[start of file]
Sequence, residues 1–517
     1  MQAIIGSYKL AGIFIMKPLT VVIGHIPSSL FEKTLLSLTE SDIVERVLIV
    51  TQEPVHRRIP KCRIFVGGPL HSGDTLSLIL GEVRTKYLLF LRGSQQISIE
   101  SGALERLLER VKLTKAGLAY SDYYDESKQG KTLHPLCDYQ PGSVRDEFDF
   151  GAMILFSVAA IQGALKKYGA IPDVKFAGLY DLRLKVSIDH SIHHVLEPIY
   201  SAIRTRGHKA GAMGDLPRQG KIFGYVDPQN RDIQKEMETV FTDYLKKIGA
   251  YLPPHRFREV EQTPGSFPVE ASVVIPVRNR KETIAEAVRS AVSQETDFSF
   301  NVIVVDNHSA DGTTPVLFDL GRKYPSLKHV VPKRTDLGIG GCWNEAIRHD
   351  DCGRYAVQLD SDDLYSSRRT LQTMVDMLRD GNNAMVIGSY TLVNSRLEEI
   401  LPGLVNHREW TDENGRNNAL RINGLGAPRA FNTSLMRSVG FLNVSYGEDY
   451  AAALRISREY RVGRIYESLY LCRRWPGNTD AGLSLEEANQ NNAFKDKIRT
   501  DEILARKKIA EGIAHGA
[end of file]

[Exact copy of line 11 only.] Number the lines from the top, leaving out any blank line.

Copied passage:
   451  AAALRISREY RVGRIYESLY LCRRWPGNTD AGLSLEEANQ NNAFKDKIRT